"at the moment, the perceived 'risk' by investors is 'missing the run' rather than the potential destruction of capital if something goes wrong. This is the opposite of what 'risk' management and effective 'risk' controls are about in portfolio management. While this is always the case in late stage bull-markets as exuberance overtakes logic, it is also why investors are damaged so badly during the ensuing mean reversion process.

It is always important to remember that for every bull market there will eventually be a bear. It is the nature of the markets and the reality of full-market cycles."

For now, it is all about the hopes of a cyclical upturn in the Eurozone economy supported by the ECB's QE program starting next month. Market participants have been bidding up stocks globally in anticipation that the ECB's program will pick up where the Fed left off, and the flood of liquidity will find its way back into asset prices. For now, the bullish bias clearly has the leading edge for now.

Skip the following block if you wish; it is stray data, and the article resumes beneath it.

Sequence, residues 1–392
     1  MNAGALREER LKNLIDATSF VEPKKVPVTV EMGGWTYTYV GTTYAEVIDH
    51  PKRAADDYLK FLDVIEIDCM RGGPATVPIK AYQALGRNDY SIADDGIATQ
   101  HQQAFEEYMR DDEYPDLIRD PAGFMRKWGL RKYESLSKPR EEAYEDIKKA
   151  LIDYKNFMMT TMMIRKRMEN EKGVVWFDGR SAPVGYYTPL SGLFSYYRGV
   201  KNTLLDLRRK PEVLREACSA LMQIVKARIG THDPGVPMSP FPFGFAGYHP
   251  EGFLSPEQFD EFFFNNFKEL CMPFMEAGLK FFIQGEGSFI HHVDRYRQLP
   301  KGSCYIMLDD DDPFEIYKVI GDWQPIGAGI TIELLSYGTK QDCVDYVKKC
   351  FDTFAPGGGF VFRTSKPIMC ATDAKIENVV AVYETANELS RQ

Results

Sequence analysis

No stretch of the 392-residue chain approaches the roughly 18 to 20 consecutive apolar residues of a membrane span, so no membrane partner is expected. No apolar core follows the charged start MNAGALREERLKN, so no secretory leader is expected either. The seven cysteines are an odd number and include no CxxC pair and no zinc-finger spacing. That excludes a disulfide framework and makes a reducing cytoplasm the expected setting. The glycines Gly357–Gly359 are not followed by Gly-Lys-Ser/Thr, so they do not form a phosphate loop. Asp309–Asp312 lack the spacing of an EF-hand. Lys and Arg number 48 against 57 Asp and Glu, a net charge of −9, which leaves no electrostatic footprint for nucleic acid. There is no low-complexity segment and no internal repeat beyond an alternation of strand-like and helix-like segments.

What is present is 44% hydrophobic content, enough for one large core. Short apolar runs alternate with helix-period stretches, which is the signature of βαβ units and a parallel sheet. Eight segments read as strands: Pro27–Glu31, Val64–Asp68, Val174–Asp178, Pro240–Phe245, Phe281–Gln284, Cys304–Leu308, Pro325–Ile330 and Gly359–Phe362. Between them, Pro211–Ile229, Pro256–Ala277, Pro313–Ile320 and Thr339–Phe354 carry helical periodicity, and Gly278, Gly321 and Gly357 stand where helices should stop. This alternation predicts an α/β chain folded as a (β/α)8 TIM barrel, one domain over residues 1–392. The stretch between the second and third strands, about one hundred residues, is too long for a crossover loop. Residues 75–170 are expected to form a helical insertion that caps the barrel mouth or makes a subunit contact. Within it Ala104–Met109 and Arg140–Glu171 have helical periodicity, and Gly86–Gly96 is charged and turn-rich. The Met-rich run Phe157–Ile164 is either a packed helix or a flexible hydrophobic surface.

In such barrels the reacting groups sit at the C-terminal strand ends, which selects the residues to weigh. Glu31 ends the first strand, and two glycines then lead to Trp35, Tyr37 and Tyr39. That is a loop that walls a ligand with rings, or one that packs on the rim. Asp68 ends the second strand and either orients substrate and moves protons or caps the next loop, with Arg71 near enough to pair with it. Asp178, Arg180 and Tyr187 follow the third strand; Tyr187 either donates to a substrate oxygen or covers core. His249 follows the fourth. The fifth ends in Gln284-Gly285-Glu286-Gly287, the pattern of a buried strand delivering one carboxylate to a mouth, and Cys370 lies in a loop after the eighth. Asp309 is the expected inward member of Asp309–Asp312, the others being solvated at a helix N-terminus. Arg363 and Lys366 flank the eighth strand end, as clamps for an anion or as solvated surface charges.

This week's reading list is a compilation of various articles that I did not get a chance to read this week that may provide some clues as to what happens next. As always, I try and provide a balanced reading list of perspectives. Whether you agree with a view or not is irrelevant. What is important is to consider both sides of every argument equally to eliminate confirmation bias.

So, grab a cup of your favorite beverage and enjoy that we finally seem to be getting a break from this winter's cold.

1) Do Eerie Parallels Presage A New Crisis by Stayajit Das via Financial Times

"Mark Twain reputedly stated that history does not repeat but it rhymed. In an eerie parallel to 1997-98, falling commodity — especially oil — prices, a rising US dollar and potential increases in US interest rates may presage a new financial crisis.